Getting started with Azure File Sync

Azure File Sync is a Microsoft feature released in July 2018. It enables to synchronize multiple On-Premise file servers with Azure. In other words, we can replace DFS-R for branch office. Azure File Sync brings also a tiering feature that enables to cache in On-Prem servers the most used files (based on the access data) and to keep in Azure the others. The data can be protected with Azure Backup to avoid to manage backup in each On-Prem file servers and in case of disaster, the data remains in Azure. In this topic, I’ll show you how to implement Azure File Sync.

Requirement

To follow this topic, you need:

  • An On-Prem file server (physical or virtual) running on Windows Server 2012R2, 2016 or 2019.
  • An Azure account

Azure side configuration

First, create a Storage Account. I don’t need performance, so I choose a standard performance account with cool access tier. Regarding the Replication, you must choose regarding the SLA you require.

Once the storage account is created, open its properties and create a file share. I called mine branch1.

Open the Azure marketplace and look for Azure File Sync.

Create the resource in the same location as the storage account. Usually I add Azure File Sync in the same resource group than the storage account.

Once Azure File Sync is created, you can browse registered servers and click on Azure File Sync agent link.

Download the agent for your Windows Server version. I downloaded the version for Windows Server 2019 because my On-Prem server is running on Windows Server 2019. Download the file and copy it to the On-Prem server.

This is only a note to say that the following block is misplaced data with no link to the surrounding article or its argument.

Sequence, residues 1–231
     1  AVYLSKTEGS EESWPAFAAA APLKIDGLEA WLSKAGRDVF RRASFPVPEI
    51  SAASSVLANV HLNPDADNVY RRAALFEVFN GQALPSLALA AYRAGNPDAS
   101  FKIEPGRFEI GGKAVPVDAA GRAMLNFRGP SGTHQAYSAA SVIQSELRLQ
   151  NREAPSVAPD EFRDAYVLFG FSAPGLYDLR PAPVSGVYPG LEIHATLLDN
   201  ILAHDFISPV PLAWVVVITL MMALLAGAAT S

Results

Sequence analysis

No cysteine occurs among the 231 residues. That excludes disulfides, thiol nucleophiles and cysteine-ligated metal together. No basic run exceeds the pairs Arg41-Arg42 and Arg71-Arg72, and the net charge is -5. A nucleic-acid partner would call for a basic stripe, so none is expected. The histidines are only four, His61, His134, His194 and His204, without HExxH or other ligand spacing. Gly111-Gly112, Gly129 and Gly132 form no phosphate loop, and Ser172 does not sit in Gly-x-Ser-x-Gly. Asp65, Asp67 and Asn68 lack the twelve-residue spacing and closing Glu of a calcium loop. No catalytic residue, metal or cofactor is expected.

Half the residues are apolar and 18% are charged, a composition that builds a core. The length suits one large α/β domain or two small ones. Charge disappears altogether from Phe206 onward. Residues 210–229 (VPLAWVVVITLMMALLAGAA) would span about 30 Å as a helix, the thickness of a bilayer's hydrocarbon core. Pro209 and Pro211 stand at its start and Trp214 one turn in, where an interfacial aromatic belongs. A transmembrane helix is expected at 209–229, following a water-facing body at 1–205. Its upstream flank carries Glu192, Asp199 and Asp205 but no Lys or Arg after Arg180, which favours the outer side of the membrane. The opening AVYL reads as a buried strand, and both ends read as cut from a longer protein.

Implement agent in On-Prem Server

Connect to the On-Prem server and run the following cmdlet to install AzureRM PowerShell cmdlet.

Then run the Azure File Sync agent setup.

Once the agent is installed, the following window is raised. Specify your tenant ID and click on sign-in. Another pop-up is raised to ask you credentials.

Next choose the Azure Subscription, the resource group and the Storage Sync Service.

Once you are registered, your server should be present in Azure File Sync (registered server tab). My Windows Server is running on Windows Server 2019 but operating system in Azure File Sync is Windows Server 2016 :).

To finish, I create a folder in P:\ called AFS. This folder will be synchronized with Azure File Sync. I copy files in this folder.

Manage Azure File Sync

Now that Azure File Sync is installed, agent is ready and file are presents somewhere in the On-Prem server, we can sync data between On-Prem and Azure. To create the synchronization job, navigate to Sync Groups in Azure File Sync.

Provide a name for this Sync Group and select the storage account and the Azure File Share that you created at the beginning.

Now that the cloud endpoints is created, we can add servers to the sync group. So, click on Add server endpoint.

Select the On-Prem server, the path to synchronize (P:\AFS) and enable the cloud tiering if you wish.

Once the synchronization has run, you should retrieve files in the storage account.

Conclusion

In large company with branch office, DFS-R is often implemented to replicate branch office data to main datacenter (in a single way). Now Microsoft provides a new solution to replace DFS-R with Azure File Sync. Thanks to Cloud Tiering, your On-Prem file servers don’t require plenty of storage. Data can be accessed from everywhere because they are stored in Azure. It’s a nice hybrid cloud scenario.

About Romain Serre

Romain Serre works in Lyon as a Senior Consultant. He is focused on Microsoft Technology, especially on Hyper-V, System Center, Storage, networking and Cloud OS technology as Microsoft Azure or Azure Stack. He is a MVP and he is certified Microsoft Certified Solution Expert (MCSE Server Infrastructure & Private Cloud), on Hyper-V and on Microsoft Azure (Implementing a Microsoft Azure Solution).

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